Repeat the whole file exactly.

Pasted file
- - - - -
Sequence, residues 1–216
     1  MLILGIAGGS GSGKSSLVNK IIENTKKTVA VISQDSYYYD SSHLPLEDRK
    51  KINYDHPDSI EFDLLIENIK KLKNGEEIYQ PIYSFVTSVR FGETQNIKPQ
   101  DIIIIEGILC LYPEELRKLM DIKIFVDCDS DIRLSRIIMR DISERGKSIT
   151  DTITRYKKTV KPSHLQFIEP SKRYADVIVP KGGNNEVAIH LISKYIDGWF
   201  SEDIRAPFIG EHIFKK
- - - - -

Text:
Sequence, residues 1–216
     1  MLILGIAGGS GSGKSSLVNK IIENTKKTVA VISQDSYYYD SSHLPLEDRK
    51  KINYDHPDSI EFDLLIENIK KLKNGEEIYQ PIYSFVTSVR FGETQNIKPQ
   101  DIIIIEGILC LYPEELRKLM DIKIFVDCDS DIRLSRIIMR DISERGKSIT
   151  DTITRYKKTV KPSHLQFIEP SKRYADVIVP KGGNNEVAIH LISKYIDGWF
   201  SEDIRAPFIG EHIFKK